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Samudera Shipping to Shed Older Indonesian Tonnage

Samudera Shipping to Shed Older Indonesian Tonnage
In an effort to improve its asset utilization, the Singapore-based Samudera Shipping Line said that it is planning to dispose of six Indonesia-flagged vessels in its Indonesia domestic shipping fleet.

The company informed that the ships in question “are no longer giving economic benefit” due to their age.

Additionally, according to the Indonesian shipping law, Samudera Shipping is unable to renew its fleet in the country under its current operating structure. The law mandates that only Indonesia-flagged vessels can be used in domestic shipping activities and limits the registration of such vessels to Indonesian companies or companies majority-owned by Indonesians.

The group is thus prohibited from registering additional Indonesia-flagged vessels, as its operations in Indonesia are majority-owned by the group, Samudera Shipping said, adding that it will reassess its domestic Indonesia strategy “to take into account local regulations and requirements.”

Furthermore, the sale of these ships are expected to free the company “of valuable resources that can be redeployed to ventures and opportunities in other markets in the region.”

The plans were unveiled as part of the company’s annual financial report, in which Samudera Shipping said that its revenue for the fiscal year 2016 dropped to USD 260.5 million from USD 317.7 million seen in the previous financial year, representing an 18% decline, mainly driven by Hanjin Shipping’s bankruptcy, with whom Samudera had slot exchange arrangements.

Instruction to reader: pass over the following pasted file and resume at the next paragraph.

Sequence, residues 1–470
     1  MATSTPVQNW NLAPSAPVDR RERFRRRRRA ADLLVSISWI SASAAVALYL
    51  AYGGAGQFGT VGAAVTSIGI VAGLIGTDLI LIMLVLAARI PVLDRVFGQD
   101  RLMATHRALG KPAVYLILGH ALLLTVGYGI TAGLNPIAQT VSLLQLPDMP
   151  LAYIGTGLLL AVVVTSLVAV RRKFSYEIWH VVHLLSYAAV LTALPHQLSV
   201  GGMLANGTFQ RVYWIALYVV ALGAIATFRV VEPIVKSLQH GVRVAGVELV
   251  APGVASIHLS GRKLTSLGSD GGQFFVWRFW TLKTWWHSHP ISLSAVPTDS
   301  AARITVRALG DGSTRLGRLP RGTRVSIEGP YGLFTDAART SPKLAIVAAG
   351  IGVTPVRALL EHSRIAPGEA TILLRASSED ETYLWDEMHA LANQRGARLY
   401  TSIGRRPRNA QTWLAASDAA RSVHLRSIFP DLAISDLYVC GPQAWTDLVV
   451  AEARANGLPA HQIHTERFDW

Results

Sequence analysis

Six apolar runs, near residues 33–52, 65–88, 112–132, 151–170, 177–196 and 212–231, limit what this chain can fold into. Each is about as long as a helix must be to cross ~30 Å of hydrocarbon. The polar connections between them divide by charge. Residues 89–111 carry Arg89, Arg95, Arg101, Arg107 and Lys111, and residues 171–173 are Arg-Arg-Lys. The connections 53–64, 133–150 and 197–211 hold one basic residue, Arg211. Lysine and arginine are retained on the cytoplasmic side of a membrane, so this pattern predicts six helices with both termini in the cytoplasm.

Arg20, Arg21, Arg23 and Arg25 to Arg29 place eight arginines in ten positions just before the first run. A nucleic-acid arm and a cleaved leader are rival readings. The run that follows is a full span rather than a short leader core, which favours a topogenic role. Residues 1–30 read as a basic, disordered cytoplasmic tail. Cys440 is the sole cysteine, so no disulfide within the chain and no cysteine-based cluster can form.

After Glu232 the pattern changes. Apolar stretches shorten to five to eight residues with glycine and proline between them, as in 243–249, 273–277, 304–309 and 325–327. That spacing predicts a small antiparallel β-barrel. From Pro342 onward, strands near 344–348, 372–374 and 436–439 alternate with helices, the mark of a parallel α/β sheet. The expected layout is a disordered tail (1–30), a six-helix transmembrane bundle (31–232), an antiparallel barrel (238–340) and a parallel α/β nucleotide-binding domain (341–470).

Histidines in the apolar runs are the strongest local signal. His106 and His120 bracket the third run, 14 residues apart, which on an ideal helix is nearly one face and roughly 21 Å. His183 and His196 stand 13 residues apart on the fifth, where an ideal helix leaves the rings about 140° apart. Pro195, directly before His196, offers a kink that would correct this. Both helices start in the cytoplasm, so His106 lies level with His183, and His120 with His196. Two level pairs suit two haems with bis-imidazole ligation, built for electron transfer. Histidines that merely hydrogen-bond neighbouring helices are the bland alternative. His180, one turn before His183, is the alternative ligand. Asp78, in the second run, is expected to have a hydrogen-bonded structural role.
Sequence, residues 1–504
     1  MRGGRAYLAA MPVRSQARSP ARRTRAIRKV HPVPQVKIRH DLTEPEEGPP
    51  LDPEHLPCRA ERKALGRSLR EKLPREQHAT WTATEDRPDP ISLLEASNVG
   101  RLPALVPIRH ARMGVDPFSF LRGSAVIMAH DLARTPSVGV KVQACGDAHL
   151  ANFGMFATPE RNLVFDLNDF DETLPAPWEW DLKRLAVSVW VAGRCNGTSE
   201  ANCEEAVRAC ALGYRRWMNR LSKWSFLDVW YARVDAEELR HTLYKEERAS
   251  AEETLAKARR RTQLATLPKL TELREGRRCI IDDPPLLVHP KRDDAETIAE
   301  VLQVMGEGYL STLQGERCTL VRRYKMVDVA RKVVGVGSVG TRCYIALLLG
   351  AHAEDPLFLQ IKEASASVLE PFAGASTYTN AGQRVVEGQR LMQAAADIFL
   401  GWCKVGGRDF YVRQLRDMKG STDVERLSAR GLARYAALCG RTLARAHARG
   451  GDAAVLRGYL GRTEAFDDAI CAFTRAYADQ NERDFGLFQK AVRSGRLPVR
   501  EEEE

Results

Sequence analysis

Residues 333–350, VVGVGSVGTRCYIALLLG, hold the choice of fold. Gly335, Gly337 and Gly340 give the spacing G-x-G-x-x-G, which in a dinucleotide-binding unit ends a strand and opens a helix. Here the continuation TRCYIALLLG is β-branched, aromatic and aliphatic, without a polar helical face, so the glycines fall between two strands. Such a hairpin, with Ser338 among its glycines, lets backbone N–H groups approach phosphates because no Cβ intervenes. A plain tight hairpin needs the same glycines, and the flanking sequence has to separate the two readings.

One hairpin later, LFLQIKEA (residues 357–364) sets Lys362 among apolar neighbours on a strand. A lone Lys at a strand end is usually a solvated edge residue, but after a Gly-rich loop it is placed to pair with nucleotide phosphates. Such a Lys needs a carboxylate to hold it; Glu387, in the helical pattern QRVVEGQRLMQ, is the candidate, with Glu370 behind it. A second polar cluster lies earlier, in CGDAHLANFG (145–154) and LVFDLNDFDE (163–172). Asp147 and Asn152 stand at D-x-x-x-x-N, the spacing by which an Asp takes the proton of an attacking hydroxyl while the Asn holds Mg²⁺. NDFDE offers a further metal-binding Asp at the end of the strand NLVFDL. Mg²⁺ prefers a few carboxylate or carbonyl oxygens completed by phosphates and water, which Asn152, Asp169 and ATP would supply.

2016 was a “tumultuous year” as the industry continued its struggle with strong headwinds from long-drawn issues relating to persistent overcapacity, weak global trade and freight rate volatility.

The company divested four vessels in fiscal year 2016 and two in the first quarter of fiscal year 2017, all of which were Indonesia-flagged, of considerable age and no longer competitive against new and more efficient vessels plying the Indonesian waters.

“In the year ahead, the outlook of global trade growth remains relatively muted, with international geopolitical uncertainties potentially posing headwinds to economic growth. In addition, much remains to be done to bridge the vast gap between supply and demand in container shipping. Operating conditions in the container shipping industry are thus expected to be arduous,” Masli Mulia, the company’s Executive Chairman, said.

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